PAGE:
Think we don’t need term limits? New Jersey’s Senate election just made a strong case for them.
New Jersey Senator Bob Menendez (D), won reelection last week, despite being indicted by the FBI for conspiracy, bribery, and honest services fraud. This successful bid for a third term by a corrupt politician proves why America needs term limits at all levels of government.
Over his 12 years in the Senate, Menendez has earned the reputation of a sleaze. For years, he traded political favors for bribes from a close friend. In exchange for debasing his office, Menendez enjoyed multiple vacations on a private jet, received $40,000 to his legal defense fund, and took in more than $750,000 in campaign contributions from groups supporting him. All Menendez had to do was lobby the U.S. State Department to approve a contract with the Dominican Republic that would benefit his friend’s business and secure visas for three of his friend’s girlfriends. In 2012, Menendez also allegedly paid for underage prostitutes on trips to the Dominican Republic.
While Menendez’s crony friend faces 17 years in prison for defrauding Medicare of more than $73 million dollars; Menendez has largely escaped justice.
Senator Menendez’s connections to Washington D.C.’s elite political circles almost certainly helped protect him. These connections would have been difficult to build if term limits were in place. The FBI indicted Menendez in April of 2015, back when Republican Chris Christie was still governor of New Jersey. Democrats feared if Menendez was convicted while Christie was in office, they would lose a reliable liberal vote and see it replaced with a conservative one. That did not happen because Menendez staved off conviction by negotiating multiple delays in his trial date. By the time the trial started in fall of 2017, Christie, who has a rife history of scandals as well, was out of office—thanks to New Jersey’s two-term limit on governors.
When Phillip Murphy won back the governorship for New Jersey’s Democratic Party, talk of Menendez’s trial resumed. The trial lasted two-and-a-half months and ended inconclusively with a mistrial. The State Department, also embroiled in a series of politically motivated scandals, declined to retry Menendez.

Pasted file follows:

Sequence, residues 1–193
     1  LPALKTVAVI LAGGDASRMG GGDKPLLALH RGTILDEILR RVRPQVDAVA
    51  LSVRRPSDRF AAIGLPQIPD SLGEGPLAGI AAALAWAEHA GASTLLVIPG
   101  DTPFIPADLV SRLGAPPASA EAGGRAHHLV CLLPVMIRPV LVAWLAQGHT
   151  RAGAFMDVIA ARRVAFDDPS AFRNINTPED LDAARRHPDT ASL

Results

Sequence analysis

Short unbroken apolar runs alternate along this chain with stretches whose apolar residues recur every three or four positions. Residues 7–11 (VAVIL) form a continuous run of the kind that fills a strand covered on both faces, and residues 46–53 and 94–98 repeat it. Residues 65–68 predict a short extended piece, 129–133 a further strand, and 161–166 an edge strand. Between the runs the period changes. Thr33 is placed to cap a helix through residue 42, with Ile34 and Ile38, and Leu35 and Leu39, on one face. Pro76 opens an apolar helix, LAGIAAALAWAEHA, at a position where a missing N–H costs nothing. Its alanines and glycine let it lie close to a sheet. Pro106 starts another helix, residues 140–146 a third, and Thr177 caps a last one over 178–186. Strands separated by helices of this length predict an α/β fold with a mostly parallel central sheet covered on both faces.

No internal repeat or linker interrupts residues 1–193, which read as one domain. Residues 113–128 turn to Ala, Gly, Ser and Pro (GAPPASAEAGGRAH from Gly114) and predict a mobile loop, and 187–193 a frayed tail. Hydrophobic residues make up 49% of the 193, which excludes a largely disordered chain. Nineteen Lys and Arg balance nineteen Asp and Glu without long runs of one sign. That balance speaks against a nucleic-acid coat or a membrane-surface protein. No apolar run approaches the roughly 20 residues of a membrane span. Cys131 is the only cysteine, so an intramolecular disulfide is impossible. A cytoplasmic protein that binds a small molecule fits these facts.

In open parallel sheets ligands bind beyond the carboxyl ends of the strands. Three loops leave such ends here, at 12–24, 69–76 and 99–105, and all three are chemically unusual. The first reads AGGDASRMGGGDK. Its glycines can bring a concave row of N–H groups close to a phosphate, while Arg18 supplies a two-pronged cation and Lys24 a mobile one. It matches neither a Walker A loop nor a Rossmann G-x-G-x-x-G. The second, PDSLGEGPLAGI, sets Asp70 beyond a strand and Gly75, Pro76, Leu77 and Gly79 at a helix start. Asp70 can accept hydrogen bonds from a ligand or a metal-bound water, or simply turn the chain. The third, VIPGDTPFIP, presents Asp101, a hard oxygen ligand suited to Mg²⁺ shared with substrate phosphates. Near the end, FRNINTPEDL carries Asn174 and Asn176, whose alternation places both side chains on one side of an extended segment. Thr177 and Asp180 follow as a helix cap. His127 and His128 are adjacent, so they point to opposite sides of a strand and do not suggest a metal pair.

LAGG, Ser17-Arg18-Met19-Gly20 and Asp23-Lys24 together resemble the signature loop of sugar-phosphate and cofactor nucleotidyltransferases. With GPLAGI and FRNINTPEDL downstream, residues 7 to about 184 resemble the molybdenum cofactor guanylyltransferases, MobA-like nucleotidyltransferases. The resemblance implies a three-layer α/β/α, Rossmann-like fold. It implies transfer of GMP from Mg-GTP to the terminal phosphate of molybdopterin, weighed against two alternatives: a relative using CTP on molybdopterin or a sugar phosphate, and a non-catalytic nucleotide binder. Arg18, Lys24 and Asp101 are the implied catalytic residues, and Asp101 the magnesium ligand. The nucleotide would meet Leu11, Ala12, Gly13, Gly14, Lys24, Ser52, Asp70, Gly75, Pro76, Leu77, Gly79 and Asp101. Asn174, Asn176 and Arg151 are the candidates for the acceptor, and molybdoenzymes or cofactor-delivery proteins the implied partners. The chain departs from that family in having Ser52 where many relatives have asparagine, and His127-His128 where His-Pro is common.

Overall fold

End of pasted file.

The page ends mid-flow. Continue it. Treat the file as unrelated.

Hours after the mistrial announcement, most major Democratic power brokers quickly endorsed Sen. Menendez’s 2018 reelection bid, including New Jersey Governor Phil Murphy, Senator Cory Booker, New Jersey Senate President Stephen Sweeney, New Jersey State Assembly Speaker Craig Coughlin, South Jersey political influencer George Norcross, the county chairs in northern Democratic strongholds such as Bergen, Hudson, Passaic, Essex and Middlesex. Action Together New Jersey (ATNJ), a 501(c)(4) “dark money” organization with over 20 county chapters—the largest on-the-ground grassroots group in the state—issued its first ever “100% ‘yes’ vote” endorsement for Sen. Menendez.
Menendez received $400,000 in campaign aid from the Democratic Senatorial Campaign Committee. Hillary Clinton campaigned on his behalf, hosting a “Women for Menendez” fundraiser. Senate Majority PAC, a super PAC aligned with Senate Democratic leader Chuck Schumer, spent $7.6 million in advertising to help Menendez.
In 2012, Menendez’s friend (now felon) donated $600,000 to Senate Majority PAC. That same year, the PAC spent $582,000 on Menendez’s reelection campaign. Prosecutors used this donation as evidence of bribery in the case against Menendez’s friend.
All of this influence peddling contributed to Menendez’s successful bid for a third term. If term limits were in place, it wouldn’t have even been an option.
The debate over term limits is not new. In 1789, when asked about term limits during a Virginia legislative session, Founding Father George Mason declared, “nothing is so essential to the preservation of a Republican government as periodic rotation.” Third President of the United States and drafter of the Declaration of Independence Thomas Jefferson also agreed that term limits would keep the government honest.
Those who disagree with term limits usually argue that the ultimate term limit is the will of the people. After all, politicians are accountable to their constituents who have a chance to vote them out of office every few years. But by capturing influence and political favors, incumbents have an inherent advantage. Menendez is just the latest case in point. Even though he should be serving time for corruption, the Democratic establishment backed him up and helped turn New Jersey almost entirely blue.
Here are three main reasons supporters of term limits think the policy should be implemented nationwide. First, power corrupts. James Fenimore Cooper, a famous writer during the early 1800s, warned, “contact with the affairs of state is one of the most corrupting of the influences to which men are exposed.” Limited power will result in limited corruption. Second, term limits will minimize the influence of big money. Lobbyists and campaign donors spend millions of dollars each year to influence elections and politicians. The third reason term limits should be implemented is to incentivize service-oriented leaders and discourage career politicians. The Founding Fathers hated going to Washington D.C. because it took time away from their family and businesses. Today, politicians like Bob Menendez usurp government by clinging to power for decades. Term limits will discourage this career-politicking and return the focus to selfless service.